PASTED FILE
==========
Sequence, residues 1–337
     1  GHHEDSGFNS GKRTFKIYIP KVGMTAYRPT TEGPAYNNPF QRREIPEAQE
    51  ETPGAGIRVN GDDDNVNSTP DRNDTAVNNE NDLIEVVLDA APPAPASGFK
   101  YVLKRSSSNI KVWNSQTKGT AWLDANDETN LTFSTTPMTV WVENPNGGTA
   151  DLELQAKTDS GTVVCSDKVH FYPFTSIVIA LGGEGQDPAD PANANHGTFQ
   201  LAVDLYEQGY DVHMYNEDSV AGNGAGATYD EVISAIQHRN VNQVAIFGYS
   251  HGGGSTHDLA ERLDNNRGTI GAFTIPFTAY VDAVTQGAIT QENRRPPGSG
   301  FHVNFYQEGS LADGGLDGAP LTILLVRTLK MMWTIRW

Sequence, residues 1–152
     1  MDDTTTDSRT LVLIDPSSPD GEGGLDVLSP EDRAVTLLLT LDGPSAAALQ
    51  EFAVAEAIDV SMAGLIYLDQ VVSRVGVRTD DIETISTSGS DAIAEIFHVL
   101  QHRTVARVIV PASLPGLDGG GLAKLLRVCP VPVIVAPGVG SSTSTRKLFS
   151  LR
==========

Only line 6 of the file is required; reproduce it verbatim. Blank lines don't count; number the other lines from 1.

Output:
   201  LAVDLYEQGY DVHMYNEDSV AGNGAGATYD EVISAIQHRN VNQVAIFGYS